Example: Paneled Dot Plot

Like a histogram, a dot plot shows the distribution of a continuous numeric range. Unlike a histogram, which shows counts for binned ranges of data, a dot plot shows every row/case in the data. Therefore, a dot plot provides more granularity compared to the histogram. In fact, using a dot plot may be the preferred starting point when analyzing frequency distributions.

Note: This example uses Employee data.

  1. From the menus choose:

Graphs > Graphboard Template Chooser...

  1. On the Basic tab, select salary .
  2. Select Dot Plot.
  3. Click the Detailed tab.
  4. In the Panels and Animation group, choose gender from the Panel Across drop-down list.
  5. Click OK.
Figure 1. Paneled dot plot
Paneled dot plot

Compared to the histogram (see Example: Paneled Histogram ), we can observe the following:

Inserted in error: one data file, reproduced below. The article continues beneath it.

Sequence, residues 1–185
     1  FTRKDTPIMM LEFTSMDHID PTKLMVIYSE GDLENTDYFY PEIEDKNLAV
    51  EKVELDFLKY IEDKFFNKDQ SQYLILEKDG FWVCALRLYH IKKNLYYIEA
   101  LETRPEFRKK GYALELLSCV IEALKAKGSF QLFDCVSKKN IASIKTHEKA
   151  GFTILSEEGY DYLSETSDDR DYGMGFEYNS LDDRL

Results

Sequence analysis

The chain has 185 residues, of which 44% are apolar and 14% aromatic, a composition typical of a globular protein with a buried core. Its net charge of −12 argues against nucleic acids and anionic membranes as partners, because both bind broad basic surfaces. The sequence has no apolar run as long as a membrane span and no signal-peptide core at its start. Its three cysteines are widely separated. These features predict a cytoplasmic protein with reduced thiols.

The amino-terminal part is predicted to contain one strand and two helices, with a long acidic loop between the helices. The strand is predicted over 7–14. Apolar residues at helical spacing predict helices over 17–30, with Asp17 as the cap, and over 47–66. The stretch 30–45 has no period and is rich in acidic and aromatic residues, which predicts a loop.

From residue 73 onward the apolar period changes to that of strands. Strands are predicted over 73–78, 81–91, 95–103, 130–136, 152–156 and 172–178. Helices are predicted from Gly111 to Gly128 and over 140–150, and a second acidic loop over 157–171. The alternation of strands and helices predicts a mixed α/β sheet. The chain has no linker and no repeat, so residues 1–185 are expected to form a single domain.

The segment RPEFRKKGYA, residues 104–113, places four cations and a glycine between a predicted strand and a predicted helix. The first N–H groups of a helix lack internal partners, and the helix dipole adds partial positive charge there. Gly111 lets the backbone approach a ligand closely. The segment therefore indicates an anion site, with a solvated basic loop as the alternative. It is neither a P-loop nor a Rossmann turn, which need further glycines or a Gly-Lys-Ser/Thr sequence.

• The peak at 20,000 that appeared in the histogram for females is less dramatic in the dot plot. There are many cases/rows concentrated around that value, but most of those values are closer to 25,000. This level of granularity is not apparent in the histogram.
  • Although the histogram for males suggests that the mean salary for males gradually declines after 40,000, the dot plot shows that the distribution is fairly uniform after that value, to 80,000. At any one salary value in that range, there are three or more males who earn that particular salary.